Houston Heights, or just “The Heights” to people in Houston, has one of the longest histories in the city, dating back to just before the 20th century. The area was originally bought up by millionaire tycoons who saw the land as prime residential real estate.
Moving to The Heights In Houston
The area flourished soon after its establishment, drawing people who wanted to escape the activity of nearby downtown Houston. Its history hasn’t always been a glorious, happy one, as the area was wracked by economic downturn following World War II. During the 70s and 80s, The Heights was among the lowest income areas in the city, and certainly not a target for people moving to the area.
However, the 90s brought a reversal of fortune for the area, and to the inner 610 Loop at large. Rapid development coursed through The Heights, spurred by the mass movement of younger professionals to the city. Their arrival drove up demand for improved services and housing, and historic homes were renovated to attract discerning buyers. This development is ongoing, as The Heights remains one of the most active parts of Houston in terms of real estate transactions. Many people want to live in The Heights, and it’s easy to see why.
Living in The Heights In Houston
The Heights is unique in that it is a central part of the city, just minutes from Downtown, yet still feels like a sleepy neighborhood. The Heights, unlike most other desirable spots inside the 610 Loops, is mostly residential, with neighborhoods that span the distance between I-10 and the north side of the 610 Loop. The community is surely not without its own interesting restaurants, shops and hangouts, but it is clearly a residential zone first and foremost. This makes The Heights a perfect area for families, and particularly those who work in Downtown or nearby.
The Heights is a bit amorphous, depending on who you ask, but most consider its boundaries to be I-10 to the south, the 610 Loop to the north, I-45 to the east and the 610 Loop again to the west, though some consider its western boundary to be around TC Jester Blvd. The exact dimensions don’t matter, because the area’s neighborhoods melt into each other, and The Heights offers up one of the more interesting collections of homes in Houston. The area is a mix of recent development and historic homes, so it’s not unusual to see a home from 60 or 70 years ago up against a collection of urban lofts. This is seen in the area’s businesses, too, as many of them are built into renovated warehouses and garages. It’s the kind of modern look that many young professionals are drawn to.
And young professionals are also drawn to the area’s eclectic restaurants, bars, cafes and shops. The 19th Street strip is a primary gathering spot for people in the area, as it provides a walkable area laced with places to eat and quirky places to shop, including several antique stores.
Although Montrose may claim the art title of Houston, The Heights has several art galleries of its own, as well as an overall artistic focus. It’s not the bohemian type of art that Montrose is known for, but skews contemporary all the same. There are more than a dozen art galleries in The Heights or just outside its boundaries, so art lovers will have plenty of opportunities for enjoyment. Further, the area’s central location means it is close to just about every festival that Houston puts on, including the Bayou City Art Festival, the Art Car Parade, the First Saturday Arts Markets that pop up during the summer and the Via Colori Street Painting Festival.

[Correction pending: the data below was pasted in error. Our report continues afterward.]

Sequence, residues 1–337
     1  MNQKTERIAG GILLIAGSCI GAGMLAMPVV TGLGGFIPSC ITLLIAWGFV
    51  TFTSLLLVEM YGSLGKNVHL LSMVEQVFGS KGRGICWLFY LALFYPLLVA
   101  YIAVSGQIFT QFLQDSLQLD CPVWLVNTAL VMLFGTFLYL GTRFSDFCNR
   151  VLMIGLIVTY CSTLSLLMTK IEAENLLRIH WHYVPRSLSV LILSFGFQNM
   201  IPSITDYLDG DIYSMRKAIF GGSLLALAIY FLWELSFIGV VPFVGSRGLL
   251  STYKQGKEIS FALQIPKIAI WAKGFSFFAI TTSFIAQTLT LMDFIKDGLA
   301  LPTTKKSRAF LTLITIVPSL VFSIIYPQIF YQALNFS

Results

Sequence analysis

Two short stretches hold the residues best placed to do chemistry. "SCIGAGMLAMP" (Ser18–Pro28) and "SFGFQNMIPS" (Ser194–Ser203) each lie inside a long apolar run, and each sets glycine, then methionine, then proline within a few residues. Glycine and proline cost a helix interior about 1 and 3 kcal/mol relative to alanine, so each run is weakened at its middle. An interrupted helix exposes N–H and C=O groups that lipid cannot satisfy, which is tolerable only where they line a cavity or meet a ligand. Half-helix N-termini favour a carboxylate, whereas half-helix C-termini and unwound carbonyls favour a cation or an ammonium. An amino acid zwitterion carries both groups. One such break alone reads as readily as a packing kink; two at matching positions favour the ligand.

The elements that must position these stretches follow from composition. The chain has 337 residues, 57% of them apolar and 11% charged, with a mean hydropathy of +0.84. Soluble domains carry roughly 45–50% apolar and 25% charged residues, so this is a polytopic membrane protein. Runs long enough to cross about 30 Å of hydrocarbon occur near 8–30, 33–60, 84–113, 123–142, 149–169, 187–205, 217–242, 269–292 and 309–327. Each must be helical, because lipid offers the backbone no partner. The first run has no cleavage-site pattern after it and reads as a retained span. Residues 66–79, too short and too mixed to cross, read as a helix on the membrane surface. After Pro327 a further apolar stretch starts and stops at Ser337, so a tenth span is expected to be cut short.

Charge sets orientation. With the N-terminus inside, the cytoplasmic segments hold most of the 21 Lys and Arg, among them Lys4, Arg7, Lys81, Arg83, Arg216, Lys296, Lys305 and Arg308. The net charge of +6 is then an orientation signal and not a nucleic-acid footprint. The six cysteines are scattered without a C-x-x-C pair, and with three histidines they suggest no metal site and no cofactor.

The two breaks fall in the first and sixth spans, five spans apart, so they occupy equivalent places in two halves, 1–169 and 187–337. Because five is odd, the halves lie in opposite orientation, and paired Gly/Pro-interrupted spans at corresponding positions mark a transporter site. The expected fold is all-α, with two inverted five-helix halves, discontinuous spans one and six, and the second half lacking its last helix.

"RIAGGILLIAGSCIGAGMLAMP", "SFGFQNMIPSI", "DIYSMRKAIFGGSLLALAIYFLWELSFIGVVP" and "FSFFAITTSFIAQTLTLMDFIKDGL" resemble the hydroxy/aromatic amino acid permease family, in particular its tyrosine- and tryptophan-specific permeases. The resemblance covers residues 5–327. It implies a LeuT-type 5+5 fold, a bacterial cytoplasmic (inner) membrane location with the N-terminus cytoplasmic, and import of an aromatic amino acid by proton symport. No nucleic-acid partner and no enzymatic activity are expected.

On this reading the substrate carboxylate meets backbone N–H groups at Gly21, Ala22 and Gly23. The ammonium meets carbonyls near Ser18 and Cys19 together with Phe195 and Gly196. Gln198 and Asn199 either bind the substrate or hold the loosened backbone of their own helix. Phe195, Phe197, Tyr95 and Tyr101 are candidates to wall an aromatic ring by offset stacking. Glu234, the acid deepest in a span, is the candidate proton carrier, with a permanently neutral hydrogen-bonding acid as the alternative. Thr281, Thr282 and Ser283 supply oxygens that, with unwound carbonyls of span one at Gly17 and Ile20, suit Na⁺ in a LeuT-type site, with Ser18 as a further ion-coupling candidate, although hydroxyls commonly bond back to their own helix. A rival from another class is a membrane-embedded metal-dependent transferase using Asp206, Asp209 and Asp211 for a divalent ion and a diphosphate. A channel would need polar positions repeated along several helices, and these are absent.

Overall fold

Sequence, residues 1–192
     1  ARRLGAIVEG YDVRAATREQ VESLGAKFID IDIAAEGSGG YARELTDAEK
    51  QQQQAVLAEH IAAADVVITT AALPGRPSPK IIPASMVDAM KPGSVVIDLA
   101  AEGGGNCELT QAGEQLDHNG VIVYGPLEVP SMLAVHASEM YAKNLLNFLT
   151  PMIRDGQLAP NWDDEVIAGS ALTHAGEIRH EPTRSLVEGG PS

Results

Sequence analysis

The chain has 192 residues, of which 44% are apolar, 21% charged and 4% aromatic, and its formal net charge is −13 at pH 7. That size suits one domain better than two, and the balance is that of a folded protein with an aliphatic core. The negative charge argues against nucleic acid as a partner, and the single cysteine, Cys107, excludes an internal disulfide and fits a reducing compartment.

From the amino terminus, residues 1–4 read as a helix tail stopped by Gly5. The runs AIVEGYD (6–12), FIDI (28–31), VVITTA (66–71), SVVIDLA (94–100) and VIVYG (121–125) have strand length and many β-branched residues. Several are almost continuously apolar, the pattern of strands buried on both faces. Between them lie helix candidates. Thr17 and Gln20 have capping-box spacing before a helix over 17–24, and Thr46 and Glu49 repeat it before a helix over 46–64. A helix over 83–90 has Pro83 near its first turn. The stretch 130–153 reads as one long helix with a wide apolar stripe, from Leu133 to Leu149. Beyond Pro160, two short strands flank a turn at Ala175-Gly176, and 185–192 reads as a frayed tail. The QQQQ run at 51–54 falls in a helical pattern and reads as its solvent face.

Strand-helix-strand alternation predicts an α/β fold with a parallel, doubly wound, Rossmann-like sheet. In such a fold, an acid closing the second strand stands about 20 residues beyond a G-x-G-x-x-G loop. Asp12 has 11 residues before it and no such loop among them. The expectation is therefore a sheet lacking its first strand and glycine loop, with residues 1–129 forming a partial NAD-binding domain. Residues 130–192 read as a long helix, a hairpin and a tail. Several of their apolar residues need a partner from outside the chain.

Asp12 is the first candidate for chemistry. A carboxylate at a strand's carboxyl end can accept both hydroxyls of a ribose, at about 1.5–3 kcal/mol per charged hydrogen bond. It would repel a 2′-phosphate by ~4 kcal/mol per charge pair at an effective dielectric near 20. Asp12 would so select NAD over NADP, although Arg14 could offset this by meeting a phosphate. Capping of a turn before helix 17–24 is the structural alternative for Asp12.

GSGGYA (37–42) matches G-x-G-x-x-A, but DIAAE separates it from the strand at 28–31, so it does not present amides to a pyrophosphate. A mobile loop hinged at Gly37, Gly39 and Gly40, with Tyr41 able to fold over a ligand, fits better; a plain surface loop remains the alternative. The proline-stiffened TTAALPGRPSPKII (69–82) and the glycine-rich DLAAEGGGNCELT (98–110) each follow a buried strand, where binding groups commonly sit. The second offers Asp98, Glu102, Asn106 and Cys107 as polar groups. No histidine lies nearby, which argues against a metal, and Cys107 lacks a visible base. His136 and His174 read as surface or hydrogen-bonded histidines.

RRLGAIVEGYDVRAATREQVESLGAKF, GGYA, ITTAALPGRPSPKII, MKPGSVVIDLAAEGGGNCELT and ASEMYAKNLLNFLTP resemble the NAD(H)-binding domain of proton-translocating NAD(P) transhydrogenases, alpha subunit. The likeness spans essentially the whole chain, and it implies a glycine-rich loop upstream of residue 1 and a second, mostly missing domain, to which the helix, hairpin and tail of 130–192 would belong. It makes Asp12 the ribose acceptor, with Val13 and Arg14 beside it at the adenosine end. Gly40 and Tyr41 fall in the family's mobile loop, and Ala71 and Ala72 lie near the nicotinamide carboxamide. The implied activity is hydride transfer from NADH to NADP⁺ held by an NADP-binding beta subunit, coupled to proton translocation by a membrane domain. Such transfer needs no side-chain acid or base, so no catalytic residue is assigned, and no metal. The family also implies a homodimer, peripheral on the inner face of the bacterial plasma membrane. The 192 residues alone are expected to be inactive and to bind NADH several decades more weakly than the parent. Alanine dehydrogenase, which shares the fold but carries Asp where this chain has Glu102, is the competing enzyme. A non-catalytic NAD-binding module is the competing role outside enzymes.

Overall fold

But the area doesn’t just belong to young professionals. Families with children are established all over the area’s neighborhoods, which to some, may make The Heights feel like a suburb inside the city. Because there are only a few main roads that run through the area, and large neighborhoods in every direction, there are parts of The Heights that feel wholly separate from Houston, and this tranquility is what attracts many parents. The Heights also has several reputable schools, including Travis Elementary, Harvard Elementary and Field Elementary, all of which are well-supported by the community.
In short, The Heights is the perfect, hard to find intersection between urban location and suburban calm. As such, it’s home to a diverse group of people and features a neighborly feel.
Getting settled in The Houston Heights
The Heights is, year in and out, the most active real estate market in all of Houston. People are arriving in droves and the meteoric rise of home values in the area have prompted many to sell their properties and reap the windfall. This is a hotspot for people arriving in Houston, and lucky them, because The Heights is a perfect introduction to the city of Houston.
As with many parts of Houston, it’s easy to get lost if you’re not familiar with the area. The Heights is mostly neighborhood, and those neighborhoods can feel like they go on forever, with many twists and turns, as well as the odd dead end. And because parts of The Heights are more than a century old, the streets are narrower than what most people are used to, at least in some parts.
Fortunately, a professional mover with experience in The Heights, and Houston at large, won’t be fazed by these difficulties. Everyone who moves to Houston is initially struck by its massive sprawl. But with a reputable Houston mover like JT Melia assisting with the move, there’s no fear of getting lost or being delayed. JT Melia has made thousands of moves into and out of Houston, from and to distant parts of the U.S. and the world. Its crews are ready to step up and assist with a move to The Heights, and get the tough stuff out of the way so you can settle in and experience one of the most enjoyable parts of Houston.